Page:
Under the subheading of “it’s always been done that way“, I’m going to dispel some myths about ice arenas. Today I’m starting with the heart of the rink, the refrigeration/mechanical room.
Myth: refrigeration/mechanical rooms must be noisy
NOT so. There are many more I can tell you about, but two great are the Keene Community Ice Arena in Keene, NH, and Norway Savings Bank Arena in Auburn, ME. Their refrigeration/mechanical rooms are quiet — so quiet you can have a normal conversation in them. That’s contrary to what you’ll find in most arenas, where they’re so noisy that anyone entering them should be forced to wear ear protectors.
“I often bring people back there for behind-the-scenes tours,” says Norway Savings Bank Arena’s Jason Paquin. “The plant will be running — but it’s quiet! The visitors don’t need to wear ear protection, that’s a fantastic thing. And there’s no compressor noise in the arena. All you hear is the puck on the ice, the game as it’s played. It’s pure hockey!”
These rinks are so quiet because of the choice of equipment they made when the arenas were built. Although these two are new builds, the equipment they installed is perfect for retrofits too – which we’ll get to a little later in this post. With help from New England refrigeration specialists Preferred Mechanical Services, the rinks were fitted with Ice3 low temperature water source heat pumps from Emerald Environmental Technologies (EmeraldET) out of Wentworth, NH.
When I asked George Simonds, the managing director of EmeraldET about removing all that noise from the arenas, he laughs.
“That’s 1940’s technology running compressors that are loud,” Simonds tells me. “We can’t do that anymore. We have to do better than that.”
Use It or Lose It
Emerald ET has a sustainability mission at its core – “Use It or Lose It” – and their patented Ice3 (pronounced “Ice Cube”) offering not only reduces the amount of noise, they cut down on the energy needed to do with a distributed refrigeration system what used to take a variety of systems to do. In addition, the Cubes have a small footprint, pack 21 tons of capacity — and come with an extremely sexy name. And when it comes to noise, these little beauties won’t be bending your ear. The specs on their website say:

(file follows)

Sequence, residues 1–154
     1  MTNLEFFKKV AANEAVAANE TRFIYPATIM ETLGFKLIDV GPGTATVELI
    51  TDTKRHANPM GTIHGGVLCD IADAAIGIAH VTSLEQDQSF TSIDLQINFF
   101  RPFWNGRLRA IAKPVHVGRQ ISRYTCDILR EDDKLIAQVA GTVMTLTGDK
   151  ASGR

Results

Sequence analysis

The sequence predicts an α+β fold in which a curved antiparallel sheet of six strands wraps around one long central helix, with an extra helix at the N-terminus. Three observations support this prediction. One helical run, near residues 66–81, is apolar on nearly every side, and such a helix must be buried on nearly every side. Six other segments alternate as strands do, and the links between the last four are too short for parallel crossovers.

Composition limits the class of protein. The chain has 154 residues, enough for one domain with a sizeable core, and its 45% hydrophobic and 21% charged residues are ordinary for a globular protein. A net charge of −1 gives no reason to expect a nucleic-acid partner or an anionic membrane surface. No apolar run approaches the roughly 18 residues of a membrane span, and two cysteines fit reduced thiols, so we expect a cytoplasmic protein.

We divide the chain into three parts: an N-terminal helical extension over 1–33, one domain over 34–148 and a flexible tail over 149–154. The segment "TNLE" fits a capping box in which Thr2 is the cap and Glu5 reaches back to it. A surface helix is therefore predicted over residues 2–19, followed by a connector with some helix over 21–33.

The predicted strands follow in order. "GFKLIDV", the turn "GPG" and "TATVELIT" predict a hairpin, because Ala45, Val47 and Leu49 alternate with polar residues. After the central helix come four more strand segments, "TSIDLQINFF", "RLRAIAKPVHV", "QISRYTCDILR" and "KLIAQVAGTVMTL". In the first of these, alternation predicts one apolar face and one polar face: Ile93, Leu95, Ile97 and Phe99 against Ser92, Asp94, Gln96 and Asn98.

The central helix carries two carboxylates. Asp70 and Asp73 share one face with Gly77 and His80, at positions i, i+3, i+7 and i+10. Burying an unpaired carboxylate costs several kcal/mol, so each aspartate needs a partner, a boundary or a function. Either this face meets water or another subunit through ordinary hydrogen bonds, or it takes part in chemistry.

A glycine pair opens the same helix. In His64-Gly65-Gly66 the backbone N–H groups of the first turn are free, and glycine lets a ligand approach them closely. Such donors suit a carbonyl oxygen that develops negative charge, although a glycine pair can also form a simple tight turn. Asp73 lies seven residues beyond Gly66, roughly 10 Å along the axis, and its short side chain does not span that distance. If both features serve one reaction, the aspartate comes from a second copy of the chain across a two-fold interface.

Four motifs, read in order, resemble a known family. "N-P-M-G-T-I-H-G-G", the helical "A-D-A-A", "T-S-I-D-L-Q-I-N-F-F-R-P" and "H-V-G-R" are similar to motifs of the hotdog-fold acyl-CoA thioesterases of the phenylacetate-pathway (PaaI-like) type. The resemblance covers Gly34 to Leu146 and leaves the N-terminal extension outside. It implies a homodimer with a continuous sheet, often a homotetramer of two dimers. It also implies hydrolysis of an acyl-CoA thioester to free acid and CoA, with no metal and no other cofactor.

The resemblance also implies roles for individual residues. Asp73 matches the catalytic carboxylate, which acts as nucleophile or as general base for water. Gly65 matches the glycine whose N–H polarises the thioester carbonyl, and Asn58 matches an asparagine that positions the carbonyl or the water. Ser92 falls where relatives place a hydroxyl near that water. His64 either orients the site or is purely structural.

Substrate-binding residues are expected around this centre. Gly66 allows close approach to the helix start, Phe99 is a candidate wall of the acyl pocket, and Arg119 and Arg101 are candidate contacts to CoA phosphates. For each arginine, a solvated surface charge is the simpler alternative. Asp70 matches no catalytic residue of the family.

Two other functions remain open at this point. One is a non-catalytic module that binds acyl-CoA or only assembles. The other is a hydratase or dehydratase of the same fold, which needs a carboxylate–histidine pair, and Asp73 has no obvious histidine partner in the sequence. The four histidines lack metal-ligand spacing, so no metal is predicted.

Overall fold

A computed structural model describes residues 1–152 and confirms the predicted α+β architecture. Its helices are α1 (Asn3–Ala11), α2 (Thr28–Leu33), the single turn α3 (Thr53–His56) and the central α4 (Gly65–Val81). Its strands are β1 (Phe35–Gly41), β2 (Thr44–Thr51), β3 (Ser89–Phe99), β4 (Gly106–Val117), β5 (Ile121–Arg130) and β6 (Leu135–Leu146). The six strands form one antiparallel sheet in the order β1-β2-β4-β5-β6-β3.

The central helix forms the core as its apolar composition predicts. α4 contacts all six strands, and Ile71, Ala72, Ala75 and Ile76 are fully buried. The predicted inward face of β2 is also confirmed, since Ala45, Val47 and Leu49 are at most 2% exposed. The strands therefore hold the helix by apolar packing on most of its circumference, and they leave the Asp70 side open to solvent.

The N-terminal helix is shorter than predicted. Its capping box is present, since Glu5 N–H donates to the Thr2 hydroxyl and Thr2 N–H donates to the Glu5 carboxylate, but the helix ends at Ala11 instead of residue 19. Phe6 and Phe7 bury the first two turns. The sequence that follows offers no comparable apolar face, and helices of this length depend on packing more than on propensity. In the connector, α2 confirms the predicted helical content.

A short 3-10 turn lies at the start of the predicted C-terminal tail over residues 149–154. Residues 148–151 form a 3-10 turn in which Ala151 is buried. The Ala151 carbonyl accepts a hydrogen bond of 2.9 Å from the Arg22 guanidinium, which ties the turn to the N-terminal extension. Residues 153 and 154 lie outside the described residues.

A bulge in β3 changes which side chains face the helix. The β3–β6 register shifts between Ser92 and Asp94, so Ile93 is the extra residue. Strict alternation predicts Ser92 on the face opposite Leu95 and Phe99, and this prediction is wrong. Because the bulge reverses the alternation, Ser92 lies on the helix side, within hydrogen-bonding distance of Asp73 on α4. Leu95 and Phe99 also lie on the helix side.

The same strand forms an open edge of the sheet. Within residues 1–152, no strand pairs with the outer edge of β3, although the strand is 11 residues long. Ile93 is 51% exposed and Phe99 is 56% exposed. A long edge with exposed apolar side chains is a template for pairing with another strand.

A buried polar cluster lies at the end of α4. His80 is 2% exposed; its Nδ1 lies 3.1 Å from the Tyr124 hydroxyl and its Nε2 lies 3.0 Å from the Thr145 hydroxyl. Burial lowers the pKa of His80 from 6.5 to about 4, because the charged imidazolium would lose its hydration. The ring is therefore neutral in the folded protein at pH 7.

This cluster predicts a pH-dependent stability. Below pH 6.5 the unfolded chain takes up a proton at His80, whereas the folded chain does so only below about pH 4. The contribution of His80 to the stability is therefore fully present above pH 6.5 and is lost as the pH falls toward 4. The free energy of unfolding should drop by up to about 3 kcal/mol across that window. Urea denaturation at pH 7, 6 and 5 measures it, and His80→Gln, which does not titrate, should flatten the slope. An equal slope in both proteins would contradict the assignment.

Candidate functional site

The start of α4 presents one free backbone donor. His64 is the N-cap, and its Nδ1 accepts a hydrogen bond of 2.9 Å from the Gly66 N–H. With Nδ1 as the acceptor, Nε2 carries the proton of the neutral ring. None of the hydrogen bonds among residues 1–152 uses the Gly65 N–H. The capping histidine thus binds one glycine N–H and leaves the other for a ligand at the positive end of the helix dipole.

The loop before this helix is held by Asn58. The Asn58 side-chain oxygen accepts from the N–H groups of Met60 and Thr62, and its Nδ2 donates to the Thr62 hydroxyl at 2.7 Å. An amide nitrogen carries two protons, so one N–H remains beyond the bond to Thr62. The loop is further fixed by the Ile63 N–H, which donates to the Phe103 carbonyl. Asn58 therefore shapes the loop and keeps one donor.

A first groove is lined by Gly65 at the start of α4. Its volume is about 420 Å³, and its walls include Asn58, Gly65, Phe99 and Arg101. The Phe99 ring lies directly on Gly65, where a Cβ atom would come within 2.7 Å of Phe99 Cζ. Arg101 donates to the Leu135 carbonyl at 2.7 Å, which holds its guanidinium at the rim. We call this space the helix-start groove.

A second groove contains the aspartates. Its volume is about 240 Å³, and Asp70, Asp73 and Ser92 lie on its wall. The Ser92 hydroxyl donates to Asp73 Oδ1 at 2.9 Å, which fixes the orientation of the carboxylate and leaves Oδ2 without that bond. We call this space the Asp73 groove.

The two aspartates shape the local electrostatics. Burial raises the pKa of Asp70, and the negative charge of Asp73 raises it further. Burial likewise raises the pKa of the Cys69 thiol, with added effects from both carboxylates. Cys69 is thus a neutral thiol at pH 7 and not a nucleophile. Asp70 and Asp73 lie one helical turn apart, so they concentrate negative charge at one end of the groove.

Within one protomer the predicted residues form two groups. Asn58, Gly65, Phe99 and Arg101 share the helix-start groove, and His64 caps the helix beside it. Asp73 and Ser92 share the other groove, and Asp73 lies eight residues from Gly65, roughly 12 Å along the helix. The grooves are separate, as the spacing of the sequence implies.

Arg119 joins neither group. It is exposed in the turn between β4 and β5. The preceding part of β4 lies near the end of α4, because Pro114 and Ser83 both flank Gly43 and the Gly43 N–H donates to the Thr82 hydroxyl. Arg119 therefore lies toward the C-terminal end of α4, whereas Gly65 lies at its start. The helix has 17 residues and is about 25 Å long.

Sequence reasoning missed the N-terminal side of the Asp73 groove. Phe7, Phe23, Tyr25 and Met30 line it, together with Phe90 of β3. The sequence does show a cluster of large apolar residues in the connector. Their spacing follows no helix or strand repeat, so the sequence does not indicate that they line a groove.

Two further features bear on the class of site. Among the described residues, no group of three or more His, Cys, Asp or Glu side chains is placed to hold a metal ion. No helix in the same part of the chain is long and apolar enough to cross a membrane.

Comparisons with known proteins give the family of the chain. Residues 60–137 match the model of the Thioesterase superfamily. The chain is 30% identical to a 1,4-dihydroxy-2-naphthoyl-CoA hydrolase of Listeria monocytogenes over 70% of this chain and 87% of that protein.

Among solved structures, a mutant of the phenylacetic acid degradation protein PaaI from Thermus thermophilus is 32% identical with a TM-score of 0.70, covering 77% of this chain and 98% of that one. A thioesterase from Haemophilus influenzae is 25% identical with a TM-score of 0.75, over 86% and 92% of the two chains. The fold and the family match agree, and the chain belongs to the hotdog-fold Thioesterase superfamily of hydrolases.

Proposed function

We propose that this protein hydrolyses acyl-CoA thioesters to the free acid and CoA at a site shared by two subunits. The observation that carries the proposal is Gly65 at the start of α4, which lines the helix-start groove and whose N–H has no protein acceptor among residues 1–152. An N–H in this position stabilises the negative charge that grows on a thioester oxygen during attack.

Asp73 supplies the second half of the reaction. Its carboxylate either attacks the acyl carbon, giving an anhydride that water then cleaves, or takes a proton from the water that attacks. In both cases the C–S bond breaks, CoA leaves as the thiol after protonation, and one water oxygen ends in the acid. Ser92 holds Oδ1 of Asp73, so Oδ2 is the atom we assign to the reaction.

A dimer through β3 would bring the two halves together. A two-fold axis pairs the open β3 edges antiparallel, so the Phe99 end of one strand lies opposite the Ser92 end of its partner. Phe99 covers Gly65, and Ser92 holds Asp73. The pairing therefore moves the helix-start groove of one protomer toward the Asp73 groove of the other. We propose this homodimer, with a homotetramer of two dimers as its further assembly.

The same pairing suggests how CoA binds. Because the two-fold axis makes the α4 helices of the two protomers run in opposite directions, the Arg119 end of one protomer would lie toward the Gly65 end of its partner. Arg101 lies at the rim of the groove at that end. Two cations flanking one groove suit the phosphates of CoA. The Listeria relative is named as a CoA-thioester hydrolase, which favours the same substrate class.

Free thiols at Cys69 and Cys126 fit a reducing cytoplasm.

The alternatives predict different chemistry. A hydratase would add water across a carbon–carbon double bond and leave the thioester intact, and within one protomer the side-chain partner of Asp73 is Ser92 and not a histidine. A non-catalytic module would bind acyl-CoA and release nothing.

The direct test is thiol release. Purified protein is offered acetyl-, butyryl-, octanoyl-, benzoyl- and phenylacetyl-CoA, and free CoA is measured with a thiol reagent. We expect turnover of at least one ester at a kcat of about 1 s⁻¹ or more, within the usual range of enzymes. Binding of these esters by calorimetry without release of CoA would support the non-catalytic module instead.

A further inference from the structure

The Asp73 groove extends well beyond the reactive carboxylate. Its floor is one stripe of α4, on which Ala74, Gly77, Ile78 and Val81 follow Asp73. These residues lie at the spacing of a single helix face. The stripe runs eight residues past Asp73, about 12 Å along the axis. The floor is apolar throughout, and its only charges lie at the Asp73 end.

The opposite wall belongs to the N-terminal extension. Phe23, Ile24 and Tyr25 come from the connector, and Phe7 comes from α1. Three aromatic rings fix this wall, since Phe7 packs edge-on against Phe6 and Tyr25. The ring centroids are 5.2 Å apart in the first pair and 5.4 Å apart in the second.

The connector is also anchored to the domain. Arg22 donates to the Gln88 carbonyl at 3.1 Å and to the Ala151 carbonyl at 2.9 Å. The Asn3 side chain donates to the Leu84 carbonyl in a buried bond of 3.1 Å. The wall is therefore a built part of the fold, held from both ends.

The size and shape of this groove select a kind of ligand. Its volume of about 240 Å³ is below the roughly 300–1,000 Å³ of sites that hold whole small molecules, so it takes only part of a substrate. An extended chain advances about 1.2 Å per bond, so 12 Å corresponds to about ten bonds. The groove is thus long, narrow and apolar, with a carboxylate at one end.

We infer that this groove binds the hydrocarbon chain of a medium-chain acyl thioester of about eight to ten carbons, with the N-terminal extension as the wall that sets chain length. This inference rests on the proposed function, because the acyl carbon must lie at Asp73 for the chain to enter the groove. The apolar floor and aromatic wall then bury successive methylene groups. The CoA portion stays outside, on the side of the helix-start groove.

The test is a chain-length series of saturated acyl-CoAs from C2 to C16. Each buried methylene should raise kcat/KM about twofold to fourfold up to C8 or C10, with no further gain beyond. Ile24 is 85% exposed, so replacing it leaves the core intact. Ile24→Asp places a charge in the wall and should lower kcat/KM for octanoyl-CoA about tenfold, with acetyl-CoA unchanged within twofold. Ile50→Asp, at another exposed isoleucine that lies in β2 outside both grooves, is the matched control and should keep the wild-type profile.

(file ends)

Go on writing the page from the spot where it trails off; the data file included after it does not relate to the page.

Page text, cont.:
A concrete mechanical room with ten Cubes running registered only 57 decibels.
So, how loud is 57 decibels?
That’s pretty quiet. According to the California Department of Transportation, between 50-60 decibels is like the sound of a dishwasher running in the next room. Check it out here.
Those 10 Cubes could well have been measured after the retrofit at the Silvio O. Conte Forum – the home for Boston College‘s NCAA hockey teams. The facility was opened in 1988 but 22 years later, it had an ammonia leak where the local fire department and the US Environmental Protection Agency were called in to help manage. The college subsequently retrofit their rink — which meant replacing the entire refrigeration system, and that’s where EmeraldET came in. There’s no more ammonia used at the Silvio O. Conte Forum, just the environmentally friendly glycol and R401A – an antifreeze.
Space: A Premium
One of the big challenges of ice making equipment is they often take up a lot of space. Cubes, unlike many of their competitors’ offerings, are small enough to fit through a standard 36″ door and take up a small footprint — so small that the University of New England were able to eliminate their Class T machinery room, recuperating some valuable space for programming, when their arena was fitted with Cubes. And, one of the amazing things about that build is their conference room is ON THE OTHER SIDE OF THEIR REFRIGERATION ROOM and no one would ever know that — it’s that quiet!
It’s not just the small amount of noise and the footprint they take up, but the technology behind the Cubes that make the difference. These low temperature water source heat pumps are designed to produce refrigeration and heat simultaneously. They excel at total heat reclaim, which is how most of their facilities are able to use radiant heat throughout their facility — for heating the floors of its locker rooms, the outside sidewalk leading to the front entrance, the front lobby, conference rooms, bathrooms, etc.